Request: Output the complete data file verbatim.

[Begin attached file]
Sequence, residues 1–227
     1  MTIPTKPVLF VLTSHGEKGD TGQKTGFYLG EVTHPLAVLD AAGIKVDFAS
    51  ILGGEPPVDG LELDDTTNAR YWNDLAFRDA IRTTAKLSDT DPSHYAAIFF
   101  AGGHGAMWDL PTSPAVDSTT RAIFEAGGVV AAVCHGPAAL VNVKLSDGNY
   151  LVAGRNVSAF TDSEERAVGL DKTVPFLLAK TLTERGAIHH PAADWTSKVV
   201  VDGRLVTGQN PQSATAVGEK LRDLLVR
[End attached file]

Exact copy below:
Sequence, residues 1–227
     1  MTIPTKPVLF VLTSHGEKGD TGQKTGFYLG EVTHPLAVLD AAGIKVDFAS
    51  ILGGEPPVDG LELDDTTNAR YWNDLAFRDA IRTTAKLSDT DPSHYAAIFF
   101  AGGHGAMWDL PTSPAVDSTT RAIFEAGGVV AAVCHGPAAL VNVKLSDGNY
   151  LVAGRNVSAF TDSEERAVGL DKTVPFLLAK TLTERGAIHH PAADWTSKVV
   201  VDGRLVTGQN PQSATAVGEK LRDLLVR